June 23, 2015
Last week, Pope Francis delivered a blunt message to the world regarding the environment in a 184-page encyclical, entitled "Laudato Si," an Italian phrase meaning "Praised Be To You" taken from a song penned by St. Francis, the patron saint of ecology.
In the manifesto, the Pope did not mince words in describing humanity’s “reckless” behavior with regard to nature, laying blame on big business for creating a culture of “extreme consumerism” without regard for environmental degradation.
While many are still digesting the doctrine, both Bishop Kevin J. Farrell of the Roman Catholic Diocese of Dallas and Bishop Michael Olson of the Roman Catholic Diocese of Fort Worth say they agree with what he advocates.
In an online statement, Bishop Farrell commends the Pope and hopes that those who read or hear the encyclical will accept it as a call to conversion and action. He reiterates the Pope saying:
“Creation is not a property, which we can rule over at will or even less, is it the property of only a few. Creation is a gift. It is a wonderful gift that God has given us that we can take care of and use for the benefit of all, always with great respect and gratitude.”
Above, Bishop Farrell. Courtesy of the Roman Catholic Diocese of Dallas.
Bishop Olson of Fort Worth lauds the Pope for the encyclical, saying that he challenges us.
“In his encyclical, Pope Francis definitely conveyed that he is a man committed to solidarity as a virtue, and he believes that the environment is a most basic way in which we can work together,” says Olson. “We are created by God, as is the environment, and while human beings connect and prevail, we are required to be good stewards and treat the environment with respect for human beings’ sake.”
Right, Bishop Olson. Courtesy of Roman Catholic Diocese of Fort Worth.
Bishop Olson said the Pope is calling everybody to sensitive dialogues and how we can best serve each other in the environment.
“I think he also highlights very clearly that greed is a sin and integral. Sin is more than breaking rules – it is when we turn our backs on God’s invitation to relationships of love with God and our neighbor.”
Bishop Farrell points out that ecology issues are both immediate and long term. The quality of life of millions of people is being diminished as the result of the present state of the world’s ecology. Future generations will suffer even more if the situation is not addressed promptly.
“It is the obligation of the church to speak prophetically to the halls of power when it perceives an imminent threat to ecology and its impact on countless numbers of people. That is the purpose the Pope’s encyclical,” he says.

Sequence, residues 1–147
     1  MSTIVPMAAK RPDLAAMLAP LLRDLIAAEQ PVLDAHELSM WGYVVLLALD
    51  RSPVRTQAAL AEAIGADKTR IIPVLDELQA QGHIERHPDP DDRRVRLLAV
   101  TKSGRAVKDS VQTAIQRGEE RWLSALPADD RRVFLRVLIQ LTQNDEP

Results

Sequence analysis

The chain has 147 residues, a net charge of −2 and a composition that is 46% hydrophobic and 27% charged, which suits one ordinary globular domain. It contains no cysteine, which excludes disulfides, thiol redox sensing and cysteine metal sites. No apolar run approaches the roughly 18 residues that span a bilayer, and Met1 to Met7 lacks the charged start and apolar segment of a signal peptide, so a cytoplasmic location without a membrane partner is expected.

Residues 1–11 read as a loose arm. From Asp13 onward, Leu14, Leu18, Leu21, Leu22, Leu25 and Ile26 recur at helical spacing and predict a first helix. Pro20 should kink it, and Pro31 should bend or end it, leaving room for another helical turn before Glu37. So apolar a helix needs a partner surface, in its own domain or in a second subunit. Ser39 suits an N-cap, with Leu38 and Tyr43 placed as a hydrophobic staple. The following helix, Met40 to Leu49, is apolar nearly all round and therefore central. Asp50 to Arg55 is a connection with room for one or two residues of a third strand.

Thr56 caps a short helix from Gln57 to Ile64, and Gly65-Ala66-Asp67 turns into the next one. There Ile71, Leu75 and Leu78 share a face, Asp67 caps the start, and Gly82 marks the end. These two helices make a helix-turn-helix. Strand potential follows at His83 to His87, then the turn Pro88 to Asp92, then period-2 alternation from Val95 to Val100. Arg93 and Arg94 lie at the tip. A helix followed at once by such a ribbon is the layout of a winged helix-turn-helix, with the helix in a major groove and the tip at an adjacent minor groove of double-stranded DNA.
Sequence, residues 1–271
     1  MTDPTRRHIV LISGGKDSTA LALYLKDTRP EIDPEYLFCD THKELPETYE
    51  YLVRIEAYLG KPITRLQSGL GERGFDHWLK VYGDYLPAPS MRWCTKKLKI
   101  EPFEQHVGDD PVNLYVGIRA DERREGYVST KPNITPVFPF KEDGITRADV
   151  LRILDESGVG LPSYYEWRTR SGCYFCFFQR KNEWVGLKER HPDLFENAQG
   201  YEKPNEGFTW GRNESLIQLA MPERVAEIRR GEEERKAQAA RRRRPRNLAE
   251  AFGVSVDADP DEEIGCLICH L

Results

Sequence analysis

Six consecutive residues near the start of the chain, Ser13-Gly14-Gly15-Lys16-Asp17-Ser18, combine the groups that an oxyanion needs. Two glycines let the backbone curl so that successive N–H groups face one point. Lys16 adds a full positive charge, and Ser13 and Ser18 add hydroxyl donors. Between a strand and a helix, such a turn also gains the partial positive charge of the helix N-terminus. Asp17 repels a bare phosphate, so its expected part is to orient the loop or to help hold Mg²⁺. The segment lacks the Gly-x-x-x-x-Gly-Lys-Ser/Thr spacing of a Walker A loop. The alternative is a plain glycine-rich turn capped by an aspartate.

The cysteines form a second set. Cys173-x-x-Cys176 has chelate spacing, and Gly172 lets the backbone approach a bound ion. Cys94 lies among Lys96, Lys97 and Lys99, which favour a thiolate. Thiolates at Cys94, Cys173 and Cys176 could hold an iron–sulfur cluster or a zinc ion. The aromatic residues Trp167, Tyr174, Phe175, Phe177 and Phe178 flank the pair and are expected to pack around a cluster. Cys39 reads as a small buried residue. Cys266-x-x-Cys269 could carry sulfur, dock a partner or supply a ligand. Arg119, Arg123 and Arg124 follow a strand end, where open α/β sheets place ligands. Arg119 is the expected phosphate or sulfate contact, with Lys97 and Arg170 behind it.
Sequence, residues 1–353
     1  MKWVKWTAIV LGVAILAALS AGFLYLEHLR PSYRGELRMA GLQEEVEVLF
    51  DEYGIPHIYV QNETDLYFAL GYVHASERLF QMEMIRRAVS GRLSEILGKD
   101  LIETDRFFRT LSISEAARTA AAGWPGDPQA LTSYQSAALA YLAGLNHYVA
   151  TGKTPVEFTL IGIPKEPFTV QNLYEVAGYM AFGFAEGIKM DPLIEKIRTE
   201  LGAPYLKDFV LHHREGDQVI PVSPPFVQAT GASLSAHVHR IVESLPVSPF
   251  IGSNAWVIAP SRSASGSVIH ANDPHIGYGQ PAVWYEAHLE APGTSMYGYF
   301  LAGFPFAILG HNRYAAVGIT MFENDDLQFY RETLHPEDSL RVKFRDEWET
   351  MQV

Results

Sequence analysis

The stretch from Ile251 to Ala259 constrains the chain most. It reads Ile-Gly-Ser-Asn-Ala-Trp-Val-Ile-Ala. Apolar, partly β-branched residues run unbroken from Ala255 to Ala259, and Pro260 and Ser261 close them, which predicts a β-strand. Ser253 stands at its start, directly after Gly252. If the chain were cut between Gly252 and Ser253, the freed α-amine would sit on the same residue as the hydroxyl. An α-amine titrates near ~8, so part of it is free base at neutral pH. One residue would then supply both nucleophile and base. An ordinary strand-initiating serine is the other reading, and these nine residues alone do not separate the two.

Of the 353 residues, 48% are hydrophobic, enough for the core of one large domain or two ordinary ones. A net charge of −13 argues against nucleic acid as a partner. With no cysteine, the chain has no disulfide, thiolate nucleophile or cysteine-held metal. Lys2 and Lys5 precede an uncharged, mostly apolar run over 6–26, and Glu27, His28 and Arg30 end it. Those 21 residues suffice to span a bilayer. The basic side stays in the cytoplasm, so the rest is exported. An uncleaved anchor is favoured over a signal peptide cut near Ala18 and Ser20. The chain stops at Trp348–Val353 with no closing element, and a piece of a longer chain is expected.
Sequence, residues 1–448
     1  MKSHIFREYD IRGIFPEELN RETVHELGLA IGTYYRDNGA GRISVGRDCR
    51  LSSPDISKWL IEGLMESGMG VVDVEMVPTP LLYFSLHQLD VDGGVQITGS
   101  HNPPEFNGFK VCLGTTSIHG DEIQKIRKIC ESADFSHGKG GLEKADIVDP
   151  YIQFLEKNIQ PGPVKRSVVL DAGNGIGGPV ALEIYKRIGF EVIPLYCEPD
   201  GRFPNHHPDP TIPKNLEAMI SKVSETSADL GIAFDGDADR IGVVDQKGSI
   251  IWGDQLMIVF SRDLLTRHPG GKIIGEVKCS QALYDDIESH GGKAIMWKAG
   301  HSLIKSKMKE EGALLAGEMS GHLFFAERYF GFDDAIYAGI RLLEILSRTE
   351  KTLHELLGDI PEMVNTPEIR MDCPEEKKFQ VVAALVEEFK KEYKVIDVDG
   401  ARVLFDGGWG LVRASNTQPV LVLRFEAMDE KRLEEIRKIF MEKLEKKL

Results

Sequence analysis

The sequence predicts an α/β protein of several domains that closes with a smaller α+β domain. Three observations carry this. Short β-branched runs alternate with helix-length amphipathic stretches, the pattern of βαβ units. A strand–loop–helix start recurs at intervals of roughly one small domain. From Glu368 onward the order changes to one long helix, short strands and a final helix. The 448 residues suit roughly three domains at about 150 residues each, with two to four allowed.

When asked what impact the Pope’s views on the environment will have on the Catholic community, Bishop Olson responded that perhaps it will be more sensitive to social consequences compared as to how we did things previously.
“It would behoove us to ask ‘Are we grateful for the enjoyment of nature’s world?’ When we become the creator, we forget to be grateful. I hope it calls on citizens to be more grateful with the environment,” he says.
“Further, love for the environment is one of the last pieces of common ground that will open up to the right to life. What actually is our mission? What is the nature of men and women? What is our responsibility to the poor? When the environment is damaged, it affects the poor.”
Pope Benedict said a lot about the environment, but Bishop Olson thinks that Pope Francis is saying it in a new way, which he hopes will have great bearing not only on people in North Texas, but all over the world.
“It is my request that they are more inclined to take the issue to prayer and ask for His guidance. If that happens, change will take place among human beings.”
Excerpts from his June 18 Encyclical on the Environment :
"The Earth, our home, is beginning to look more and more like an immense pile of filth. In many parts of the planet, the elderly lament that once beautiful landscapes are now covered with rubbish."
"We need to reject a magical conception of the market, which would suggest that problems can be solved simply by an increase in the profits of companies or individuals. Is it realistic to hope that those who are obsessed with maximizing profits will stop to reflect on the environmental damage which they will leave behind for future generations?"
"In recent decades, environmental issues have given rise to considerable public debate and have elicited a variety of committed and generous civic responses. Politics and business have been slow to react in a way commensurate with the urgency of the challenges facing our world."
"We know that technology based on the use of highly polluting fossil fuels -- especially coal, but also oil and, to a lesser degree, gas -- needs to be progressively replaced without delay."
Left, courtesy of Reuters.
"A change in lifestyle could bring healthy pressure to bear on those who wield political, economic and social power. This is what consumer movements accomplish by boycotting certain products. They prove successful in changing the way businesses operate, forcing them to consider their environmental footprint and their patterns of production."
"Purchasing is always a moral and not simply economic act."
"Nobody is suggesting a return to the Stone Age but we do need to slow down and look at reality in a different way."
"Yet all is not lost," Francis said. "Human beings, while capable of the worst, are also capable of rising above themselves, choosing again what is good, and making a new start, despite their mental and social conditioning."